Walker: University Profs Need To Work Harder

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Blake Neff Reporter
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Wisconsin Governor Scott Walker criticized the work ethic of college professors on Wednesday, saying on a radio program that academics need to start “teaching more classes and doing more work.”

Walker is pushing for a $300 million budget cut over two years for the University of Wisconsin system, a drop of 13 percent from current funding levels. The cuts are also being coupled with an in-state tuition freeze, meaning there is no easy way for the system to offset its losses besides hiking out-of-state tuition. While Walker is pledging to couple the cuts with a greater level of autonomy for the UW system, his efforts are still making school administrators howl.

System president Ray Cross has warned that some of its campuses lack cash reserves, or are running on a deficit. UW-Madison chancellor Rebecca Blank warned in a statement that “This is going to mean layoffs in all of my schools and colleges.”

Walker says that what UW really needs to do is become more efficient, and that could start with demanding more of faculty members.

“Maybe it’s time for faculty and staff to start thinking about teaching more classes and doing more work,” he said Wednesday, according to the Wisconsin State Journal. “This authority frees up the UW administration to make those sorts of requests, which I think are needed not only here but across the country.”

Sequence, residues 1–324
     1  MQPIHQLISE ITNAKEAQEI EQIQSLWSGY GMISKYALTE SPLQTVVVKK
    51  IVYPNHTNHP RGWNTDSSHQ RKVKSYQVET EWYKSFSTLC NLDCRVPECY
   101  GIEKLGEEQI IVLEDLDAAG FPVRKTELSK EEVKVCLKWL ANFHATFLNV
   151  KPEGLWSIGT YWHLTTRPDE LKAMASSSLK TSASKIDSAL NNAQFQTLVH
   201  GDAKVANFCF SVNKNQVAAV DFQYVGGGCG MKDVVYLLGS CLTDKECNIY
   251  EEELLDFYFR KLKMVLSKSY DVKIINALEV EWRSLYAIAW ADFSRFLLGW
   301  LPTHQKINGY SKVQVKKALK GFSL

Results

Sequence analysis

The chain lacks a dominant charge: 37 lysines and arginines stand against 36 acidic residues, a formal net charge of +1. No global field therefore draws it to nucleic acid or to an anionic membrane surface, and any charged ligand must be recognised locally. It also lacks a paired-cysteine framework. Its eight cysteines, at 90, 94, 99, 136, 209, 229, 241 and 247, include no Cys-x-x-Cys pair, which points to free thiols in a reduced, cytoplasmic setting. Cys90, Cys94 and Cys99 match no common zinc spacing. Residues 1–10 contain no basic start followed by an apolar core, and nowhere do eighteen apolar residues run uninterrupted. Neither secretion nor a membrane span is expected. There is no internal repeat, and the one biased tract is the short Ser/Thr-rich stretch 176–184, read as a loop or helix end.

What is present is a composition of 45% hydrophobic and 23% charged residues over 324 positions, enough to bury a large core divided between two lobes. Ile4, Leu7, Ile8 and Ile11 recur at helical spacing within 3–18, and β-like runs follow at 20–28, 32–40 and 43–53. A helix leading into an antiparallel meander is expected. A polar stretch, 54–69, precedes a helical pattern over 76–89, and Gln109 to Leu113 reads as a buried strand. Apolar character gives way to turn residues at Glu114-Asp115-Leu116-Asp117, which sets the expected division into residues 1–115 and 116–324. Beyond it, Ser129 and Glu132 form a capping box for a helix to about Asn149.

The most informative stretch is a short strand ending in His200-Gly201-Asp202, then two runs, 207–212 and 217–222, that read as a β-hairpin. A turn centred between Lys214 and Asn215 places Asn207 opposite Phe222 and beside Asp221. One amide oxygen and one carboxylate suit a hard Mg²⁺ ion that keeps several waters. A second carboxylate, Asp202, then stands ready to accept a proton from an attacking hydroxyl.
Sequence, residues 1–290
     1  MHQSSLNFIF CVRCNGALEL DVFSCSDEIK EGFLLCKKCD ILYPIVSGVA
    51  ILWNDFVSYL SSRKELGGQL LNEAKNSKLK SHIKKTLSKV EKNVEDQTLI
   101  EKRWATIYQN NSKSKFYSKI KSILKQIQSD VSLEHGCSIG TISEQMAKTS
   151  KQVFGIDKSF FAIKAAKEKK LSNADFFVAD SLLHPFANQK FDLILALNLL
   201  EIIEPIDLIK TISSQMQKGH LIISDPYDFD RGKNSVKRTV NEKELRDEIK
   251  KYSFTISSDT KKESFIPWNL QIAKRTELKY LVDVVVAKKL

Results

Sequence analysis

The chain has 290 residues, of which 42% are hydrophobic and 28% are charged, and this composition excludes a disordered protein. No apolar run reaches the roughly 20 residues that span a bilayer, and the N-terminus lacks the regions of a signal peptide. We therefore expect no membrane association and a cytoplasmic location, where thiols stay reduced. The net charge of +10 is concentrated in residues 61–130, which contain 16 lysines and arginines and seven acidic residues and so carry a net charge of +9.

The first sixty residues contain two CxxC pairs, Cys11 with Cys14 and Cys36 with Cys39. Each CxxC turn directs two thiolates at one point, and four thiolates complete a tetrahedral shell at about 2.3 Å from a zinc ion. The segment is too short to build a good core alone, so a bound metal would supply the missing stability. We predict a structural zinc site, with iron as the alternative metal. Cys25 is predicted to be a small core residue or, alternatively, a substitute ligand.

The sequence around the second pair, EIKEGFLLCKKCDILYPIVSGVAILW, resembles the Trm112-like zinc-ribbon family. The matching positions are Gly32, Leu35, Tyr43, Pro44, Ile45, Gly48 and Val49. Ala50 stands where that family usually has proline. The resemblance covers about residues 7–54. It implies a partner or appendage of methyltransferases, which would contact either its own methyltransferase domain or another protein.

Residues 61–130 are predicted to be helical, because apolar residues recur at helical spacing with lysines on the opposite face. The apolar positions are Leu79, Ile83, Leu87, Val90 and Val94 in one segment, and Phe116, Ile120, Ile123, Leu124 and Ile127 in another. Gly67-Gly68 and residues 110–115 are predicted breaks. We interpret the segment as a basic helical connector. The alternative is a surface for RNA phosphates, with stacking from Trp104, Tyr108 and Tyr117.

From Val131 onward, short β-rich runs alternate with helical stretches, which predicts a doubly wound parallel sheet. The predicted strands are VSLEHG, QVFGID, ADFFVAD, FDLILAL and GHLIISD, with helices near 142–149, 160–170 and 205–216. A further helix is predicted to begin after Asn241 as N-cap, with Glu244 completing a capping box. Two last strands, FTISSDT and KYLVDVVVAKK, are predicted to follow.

Walker said that he has been told by dozens of UW officials and alumni that reduced state oversight would allow huge efficiency gains. His reforms would allow UW to set its own compensation and tenure policies, and would also exempt the system from onerous state purchasing rules. Now, Walker argues, school officials will have the chance to improve themselves, while also having nobody else to shift the blame towards for their shortcomings.

“This puts the ball clearly in their court, and say ‘now is your time to lead. Here’s all of the responsibility; you get all of the burdens but all of the benefits if you do well here,'” he said. “I think it not only will make them more efficient and more effective, it will ultimately make them more accountable to the public.”

Walker shot back at the idea that his plan systematically weakened the UW system, noting that he had a personal stake in its success.

“I’ve got a student there myself,” he said.

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